The Oldest College Newspaper in Pennsylvania

The Lafayette

The Oldest College Newspaper in Pennsylvania

The Lafayette

The Oldest College Newspaper in Pennsylvania

The Lafayette

Balancing safety, sustainability with college lighting

Photo by Emma Sylvester for The Lafayette
The Quad lights have been taken down as of earlier this week.

While Lafayette is further emphasizing sustainability and environmental awareness, campus lighting has come under the spotlight as a potential environmental concern.  

Lighting is critical to pedestrian safety and security, yet some of the lights left on are placed in areas that hardly see pedestrian activity at night, such as those near Kirby Sports Center. Likewise, many buildings leave lights on inside after closing hours, such as Farinon College Center and Rockwell Integrated Science Center.

Jodie Frey, director of recreation services on campus, mentioned that the department is working with fellow departments on campus to maximize energy conservation.

“Our office is in favor of lighting levels suitable for safe activity and minimized when spaces are unoccupied,” Frey said. “Many of the lights that our employees control are only turned on when necessary for activity and we try to maximize natural light.”

Currently, all ornamental light posts are left on all night to illuminate sidewalks, paths and roads. Students have mentioned the need for a greater emphasis on low-carbon energy sources for the lights.

“I think it would be better to leave the lights on and focus on accelerating Lafayette’s transition to low-carbon energy sources, as well as taking other steps to decrease emissions like improving insulation and ending the practice of overheating campus buildings,” mechanical and environmental engineering major Chris Allen ‘26 said. “Overheating buildings wastes energy as it causes people to open their windows and uses the steam plant which is a dirty source of energy.”

According to director of facilities operations Scott Kennedy, “all of the site lighting was upgraded to energy-efficient LED bulbs” last year.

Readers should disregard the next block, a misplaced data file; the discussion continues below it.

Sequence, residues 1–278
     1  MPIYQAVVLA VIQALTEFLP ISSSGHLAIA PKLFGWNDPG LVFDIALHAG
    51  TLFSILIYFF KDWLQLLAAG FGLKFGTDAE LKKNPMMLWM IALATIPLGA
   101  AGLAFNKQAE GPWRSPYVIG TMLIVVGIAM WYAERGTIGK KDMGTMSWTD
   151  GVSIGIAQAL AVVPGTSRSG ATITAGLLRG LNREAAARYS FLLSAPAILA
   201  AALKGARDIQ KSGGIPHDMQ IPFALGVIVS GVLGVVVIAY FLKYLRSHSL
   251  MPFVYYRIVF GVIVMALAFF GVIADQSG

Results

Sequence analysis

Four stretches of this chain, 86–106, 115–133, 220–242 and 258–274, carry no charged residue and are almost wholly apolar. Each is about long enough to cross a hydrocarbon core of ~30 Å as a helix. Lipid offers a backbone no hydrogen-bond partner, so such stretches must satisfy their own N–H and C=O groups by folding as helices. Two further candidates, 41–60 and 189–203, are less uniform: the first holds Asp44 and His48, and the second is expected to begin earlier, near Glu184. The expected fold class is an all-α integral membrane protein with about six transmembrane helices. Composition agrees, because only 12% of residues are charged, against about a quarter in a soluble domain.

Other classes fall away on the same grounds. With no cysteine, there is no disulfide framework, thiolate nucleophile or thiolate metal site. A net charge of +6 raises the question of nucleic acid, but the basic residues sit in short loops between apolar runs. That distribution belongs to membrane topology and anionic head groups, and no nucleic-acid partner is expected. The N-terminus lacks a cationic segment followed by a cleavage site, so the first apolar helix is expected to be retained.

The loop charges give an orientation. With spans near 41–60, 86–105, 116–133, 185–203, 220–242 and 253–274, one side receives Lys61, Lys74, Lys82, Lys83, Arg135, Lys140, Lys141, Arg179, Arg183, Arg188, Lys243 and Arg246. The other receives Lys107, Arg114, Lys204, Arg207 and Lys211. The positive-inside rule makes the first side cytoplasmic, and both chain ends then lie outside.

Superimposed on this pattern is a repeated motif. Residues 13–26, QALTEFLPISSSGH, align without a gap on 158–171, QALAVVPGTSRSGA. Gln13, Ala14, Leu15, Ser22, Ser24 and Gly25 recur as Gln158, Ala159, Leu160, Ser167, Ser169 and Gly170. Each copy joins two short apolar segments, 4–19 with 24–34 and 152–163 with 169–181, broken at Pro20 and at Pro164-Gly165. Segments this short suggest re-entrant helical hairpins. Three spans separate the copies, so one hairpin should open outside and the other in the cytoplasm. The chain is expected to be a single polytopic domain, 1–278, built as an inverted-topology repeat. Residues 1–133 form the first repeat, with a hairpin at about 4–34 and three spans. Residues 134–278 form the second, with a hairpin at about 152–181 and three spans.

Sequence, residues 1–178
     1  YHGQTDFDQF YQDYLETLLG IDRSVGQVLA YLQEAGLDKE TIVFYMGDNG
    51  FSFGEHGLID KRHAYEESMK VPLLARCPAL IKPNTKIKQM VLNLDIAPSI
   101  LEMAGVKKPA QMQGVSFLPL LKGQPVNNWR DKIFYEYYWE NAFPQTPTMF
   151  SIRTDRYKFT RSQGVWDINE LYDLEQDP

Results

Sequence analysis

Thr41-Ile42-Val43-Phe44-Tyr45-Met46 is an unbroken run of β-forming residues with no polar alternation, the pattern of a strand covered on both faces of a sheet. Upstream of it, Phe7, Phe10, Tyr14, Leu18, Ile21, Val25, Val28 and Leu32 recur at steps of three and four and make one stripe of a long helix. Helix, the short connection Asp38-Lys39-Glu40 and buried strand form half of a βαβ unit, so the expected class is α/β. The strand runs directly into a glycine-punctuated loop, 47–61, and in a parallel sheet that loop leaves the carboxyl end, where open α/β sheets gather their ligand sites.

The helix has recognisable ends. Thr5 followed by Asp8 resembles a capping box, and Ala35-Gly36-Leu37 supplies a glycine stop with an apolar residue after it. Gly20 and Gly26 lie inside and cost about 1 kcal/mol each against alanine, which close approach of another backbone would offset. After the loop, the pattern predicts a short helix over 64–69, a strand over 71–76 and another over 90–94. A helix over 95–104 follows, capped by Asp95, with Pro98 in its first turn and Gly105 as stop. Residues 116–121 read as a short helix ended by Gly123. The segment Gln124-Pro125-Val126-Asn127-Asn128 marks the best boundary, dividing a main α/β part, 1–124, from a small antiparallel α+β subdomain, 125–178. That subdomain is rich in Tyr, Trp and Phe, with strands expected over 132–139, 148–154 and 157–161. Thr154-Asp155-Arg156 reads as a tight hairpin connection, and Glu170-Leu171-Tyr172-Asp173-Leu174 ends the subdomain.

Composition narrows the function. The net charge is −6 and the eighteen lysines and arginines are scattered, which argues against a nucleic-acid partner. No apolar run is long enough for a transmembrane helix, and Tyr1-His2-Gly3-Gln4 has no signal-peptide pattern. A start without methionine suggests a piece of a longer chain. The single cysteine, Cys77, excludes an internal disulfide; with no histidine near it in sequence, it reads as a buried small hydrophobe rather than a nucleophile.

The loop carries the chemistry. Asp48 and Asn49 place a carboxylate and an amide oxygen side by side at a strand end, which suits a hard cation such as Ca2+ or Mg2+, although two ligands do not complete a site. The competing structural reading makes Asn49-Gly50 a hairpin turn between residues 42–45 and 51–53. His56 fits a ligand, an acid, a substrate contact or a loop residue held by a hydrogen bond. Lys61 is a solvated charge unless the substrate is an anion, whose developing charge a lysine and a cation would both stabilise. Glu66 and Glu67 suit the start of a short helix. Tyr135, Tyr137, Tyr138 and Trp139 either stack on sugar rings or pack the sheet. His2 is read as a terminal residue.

President Nicole Hurd and the college’s Pardee-lighting and tree-lighting initiatives have raised environmental concerns – over two dozen trees were lit at night throughout the winter.

“I think part of this sustainability work that we need to do is going to be embedded in the strategic plan,” President Nicole Hurd said. “One of my passion projects has been lighting the Quad, so we made sure that we had carbon offsets there. We’re trying to be responsible in the ways we use the lights.”  

The tree lights that lit the Quad were taken down this past week due to the longer days, according to Hurd. The nightly Quad lighting will become permanent.

“We’re installing permanent infrastructure on the Quad, so whether it’s lighting the Quad next year or having concerts on the Quad, there will not be wires going across paths or wires coming out of a window,” Hurd said. “We’re making an infrastructure investment on the Quad.”

Despite the environmental concerns raised regarding campus lighting, the Association of the Advancement of Sustainability in Higher Education recognized Lafayette College as a forefront in renewable energy awareness, and the college received a silver rating for overall commitment to supporting a sustainable campus by the Sustainable Campus Index.

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About the Contributors
Andreas Pelekis
Andreas Pelekis, Assistant News Editor
Tennis addict.
Emma Sylvester
Emma Sylvester, Photo Editor

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